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Clay Easter Egg Craft

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by Lora Green, Contributing Writer

Have you ever used oven-baked sculpting clay? It’s one of my go-to crafting materials because it is versatile and kid-friendly. We have made everything from personalized Christmas ornaments, to a ring dish, and even a mini-chalkboard. Today, I’ll show you how I use this handy crafting material to create clay Easter egg decor with the kids.

Crafting always encourages learning. When a child crafts, they learn the art of ingenuity.

Each of these clay Easter eggs will be unique because the child will get to make impressions in the clay with every day, around-the-home, materials. Then, they’ll finish the project off with watercolors that highlight the textures that they created in the clay.

Supplies: Clay Easter Egg Craft

oven-bake sculpting clay
rolling pin
egg shaped cookie cutter
drinking straw
lace (or other dimensional items)
cookie sheet
aluminum foil
watercolor paint set
twine

Instructions: Clay Easter Egg Craft

1: Preheat the oven according to the directions on the oven-bake clay package.

2: Knead the clay in your hands until it is softened and roll it into a ball.

3: Prep a surface to flatten the clay upon, making sure it is free of crumbs, dust, or other debris.

4: Flatten the clay to approximately 1/4 inch thick using a rolling pin.

5: Cut out egg shapes with a cookie cutter. You could also freehand the egg shape and cut it with a knife.

6: Use a drinking straw to make a hole in the top of the egg for hanging.

7: Make impressions in the clay with dimensional household items, such as lace or a decorative glass plate. Let the kids get creative with this step, searching the house for 3D items and making impressions in the clay. The learning happens when they explore!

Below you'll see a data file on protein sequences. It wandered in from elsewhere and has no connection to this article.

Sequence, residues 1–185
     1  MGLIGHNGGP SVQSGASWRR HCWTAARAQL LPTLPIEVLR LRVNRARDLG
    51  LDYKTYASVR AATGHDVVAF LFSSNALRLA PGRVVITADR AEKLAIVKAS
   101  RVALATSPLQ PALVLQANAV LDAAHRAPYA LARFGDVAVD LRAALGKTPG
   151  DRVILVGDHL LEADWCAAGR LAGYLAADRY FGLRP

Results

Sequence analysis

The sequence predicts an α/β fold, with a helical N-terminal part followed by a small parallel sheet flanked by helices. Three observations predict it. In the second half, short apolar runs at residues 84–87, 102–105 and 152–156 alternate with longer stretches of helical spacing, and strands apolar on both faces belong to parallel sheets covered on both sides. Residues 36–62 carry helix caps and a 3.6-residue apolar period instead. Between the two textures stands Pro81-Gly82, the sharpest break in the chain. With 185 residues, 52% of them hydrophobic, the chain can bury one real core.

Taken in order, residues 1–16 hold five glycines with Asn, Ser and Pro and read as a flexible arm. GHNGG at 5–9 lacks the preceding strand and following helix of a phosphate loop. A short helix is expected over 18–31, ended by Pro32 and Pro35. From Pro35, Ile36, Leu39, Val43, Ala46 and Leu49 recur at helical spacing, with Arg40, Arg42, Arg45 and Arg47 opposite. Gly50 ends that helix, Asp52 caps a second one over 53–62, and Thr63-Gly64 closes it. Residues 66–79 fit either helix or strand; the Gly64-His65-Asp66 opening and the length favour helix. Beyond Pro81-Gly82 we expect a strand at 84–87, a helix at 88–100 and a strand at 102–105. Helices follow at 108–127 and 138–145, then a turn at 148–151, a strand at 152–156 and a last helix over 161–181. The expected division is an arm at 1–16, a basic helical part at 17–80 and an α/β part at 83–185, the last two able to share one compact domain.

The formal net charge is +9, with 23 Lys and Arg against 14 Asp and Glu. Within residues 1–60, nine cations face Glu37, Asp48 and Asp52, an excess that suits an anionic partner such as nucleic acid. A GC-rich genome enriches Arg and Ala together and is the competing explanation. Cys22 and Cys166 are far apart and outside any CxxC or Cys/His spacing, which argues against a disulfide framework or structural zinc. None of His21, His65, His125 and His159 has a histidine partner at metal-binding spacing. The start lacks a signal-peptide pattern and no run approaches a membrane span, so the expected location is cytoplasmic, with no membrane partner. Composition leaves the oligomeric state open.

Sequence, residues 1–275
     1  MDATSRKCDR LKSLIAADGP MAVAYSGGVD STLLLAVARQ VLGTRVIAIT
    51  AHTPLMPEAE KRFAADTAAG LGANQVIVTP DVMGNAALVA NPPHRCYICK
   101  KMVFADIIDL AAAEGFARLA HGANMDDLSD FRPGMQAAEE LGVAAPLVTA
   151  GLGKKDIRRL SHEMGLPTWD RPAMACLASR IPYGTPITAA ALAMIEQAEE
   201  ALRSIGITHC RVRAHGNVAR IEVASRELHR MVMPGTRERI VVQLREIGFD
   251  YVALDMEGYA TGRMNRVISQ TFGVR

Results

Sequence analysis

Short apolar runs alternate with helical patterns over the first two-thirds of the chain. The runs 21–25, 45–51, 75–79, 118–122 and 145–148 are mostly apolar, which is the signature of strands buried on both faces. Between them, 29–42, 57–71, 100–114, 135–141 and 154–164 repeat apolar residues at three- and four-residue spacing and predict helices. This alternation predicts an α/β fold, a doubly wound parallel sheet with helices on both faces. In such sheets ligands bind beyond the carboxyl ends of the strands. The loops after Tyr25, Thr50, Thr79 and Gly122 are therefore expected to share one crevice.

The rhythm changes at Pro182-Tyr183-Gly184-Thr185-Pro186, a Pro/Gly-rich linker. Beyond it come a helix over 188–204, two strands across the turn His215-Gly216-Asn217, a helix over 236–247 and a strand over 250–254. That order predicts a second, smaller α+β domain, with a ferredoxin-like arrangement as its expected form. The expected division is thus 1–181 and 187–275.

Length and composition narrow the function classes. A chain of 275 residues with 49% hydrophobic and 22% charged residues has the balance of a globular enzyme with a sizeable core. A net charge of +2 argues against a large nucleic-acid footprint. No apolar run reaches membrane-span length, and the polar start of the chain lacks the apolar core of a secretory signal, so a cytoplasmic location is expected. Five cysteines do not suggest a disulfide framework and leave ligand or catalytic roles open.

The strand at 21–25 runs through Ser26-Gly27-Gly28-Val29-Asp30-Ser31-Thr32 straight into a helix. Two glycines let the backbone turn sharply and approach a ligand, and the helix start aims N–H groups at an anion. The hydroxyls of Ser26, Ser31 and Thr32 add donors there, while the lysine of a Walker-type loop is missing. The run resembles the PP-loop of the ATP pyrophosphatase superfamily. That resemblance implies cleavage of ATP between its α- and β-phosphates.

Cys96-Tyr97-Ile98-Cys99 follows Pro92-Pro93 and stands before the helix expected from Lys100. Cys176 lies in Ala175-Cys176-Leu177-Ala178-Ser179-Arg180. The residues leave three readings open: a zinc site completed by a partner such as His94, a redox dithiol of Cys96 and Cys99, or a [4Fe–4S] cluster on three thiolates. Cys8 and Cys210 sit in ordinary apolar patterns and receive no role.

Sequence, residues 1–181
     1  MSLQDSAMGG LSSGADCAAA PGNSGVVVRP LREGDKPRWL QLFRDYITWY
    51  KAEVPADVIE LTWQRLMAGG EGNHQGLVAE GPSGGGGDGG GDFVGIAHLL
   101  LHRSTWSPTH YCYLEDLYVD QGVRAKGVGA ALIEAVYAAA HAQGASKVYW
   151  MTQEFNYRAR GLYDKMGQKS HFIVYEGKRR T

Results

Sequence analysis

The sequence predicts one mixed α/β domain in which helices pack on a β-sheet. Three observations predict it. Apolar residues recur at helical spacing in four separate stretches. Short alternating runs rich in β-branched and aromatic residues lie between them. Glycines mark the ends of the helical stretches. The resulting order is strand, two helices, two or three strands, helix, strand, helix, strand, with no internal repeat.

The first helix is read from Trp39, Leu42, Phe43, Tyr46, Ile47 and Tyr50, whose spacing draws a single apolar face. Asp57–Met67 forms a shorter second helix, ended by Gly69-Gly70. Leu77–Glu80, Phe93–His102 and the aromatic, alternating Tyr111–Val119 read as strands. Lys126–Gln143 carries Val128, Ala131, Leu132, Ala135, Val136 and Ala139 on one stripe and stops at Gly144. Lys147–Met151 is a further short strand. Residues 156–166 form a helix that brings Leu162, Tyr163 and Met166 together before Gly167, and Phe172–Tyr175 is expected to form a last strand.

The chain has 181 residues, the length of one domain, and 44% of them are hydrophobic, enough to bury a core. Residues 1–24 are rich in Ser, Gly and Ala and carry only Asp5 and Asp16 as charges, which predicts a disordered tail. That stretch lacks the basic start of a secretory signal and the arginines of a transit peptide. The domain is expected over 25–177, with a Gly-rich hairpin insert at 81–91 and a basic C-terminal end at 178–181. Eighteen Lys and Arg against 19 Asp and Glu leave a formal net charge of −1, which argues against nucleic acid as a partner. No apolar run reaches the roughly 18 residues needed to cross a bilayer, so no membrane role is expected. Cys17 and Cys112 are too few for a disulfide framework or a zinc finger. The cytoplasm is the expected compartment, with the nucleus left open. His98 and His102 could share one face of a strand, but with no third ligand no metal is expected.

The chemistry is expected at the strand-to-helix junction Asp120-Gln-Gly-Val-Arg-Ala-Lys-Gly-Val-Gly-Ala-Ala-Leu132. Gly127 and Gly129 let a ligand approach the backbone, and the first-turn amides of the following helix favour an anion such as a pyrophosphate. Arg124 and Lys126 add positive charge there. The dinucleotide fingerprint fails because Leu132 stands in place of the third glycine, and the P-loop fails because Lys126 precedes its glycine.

8: Lay the eggs on a cookie sheet covered with aluminum foil.

9: Place the eggs in the oven according to the directions on the oven-bake clay package. I use Sculpey Clay, which calls for 15 minutes at 250 degrees per 1/4 inch of clay. The clay won’t be rigid once baked, but it will be solid. It’s tempting to cook it longer, thinking it should be more rigid. However, that will start to discolor the clay and give it a yellowish tint.

10: Once cool, let the kids use watercolors to paint their Easter eggs in springtime hues.

11: Finally, string twine through each Easter egg and it’s ready to display!

How adorable are they, right? My kids are so proud of their handiwork. We haven’t decided whether to hang them from an Easter Tree or to create a garland and hang it below the mantel.

We’ll still be dying Easter Eggs this year, but this activity will last for years to come. Make it personalized for your family, impress letters for each person’s name, or find items in nature to press into the clay. Get creative!

What unique item would you press into your clay Easter eggs?

My name is Lora Green and I blog at Craftivity Designs, where I document how we are creating our home. I believe that a home is about much more than design and decor – it should tell the story of a family. Our home must fit the needs of two small kids, a work-at-home mom, and a youth pastor dad. I want it to be a beautiful space, but it should be functional and meaningful, too. If you are trying to meld function and beauty, join me over at Craftivity Designs to share in this journey of creating a home.

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Sarah @ Making Joy and Pretty Things

Tuesday 11th of April 2017

Aww they are SO cute Lora! The perfect craft for little kiddos. My kids would love making these!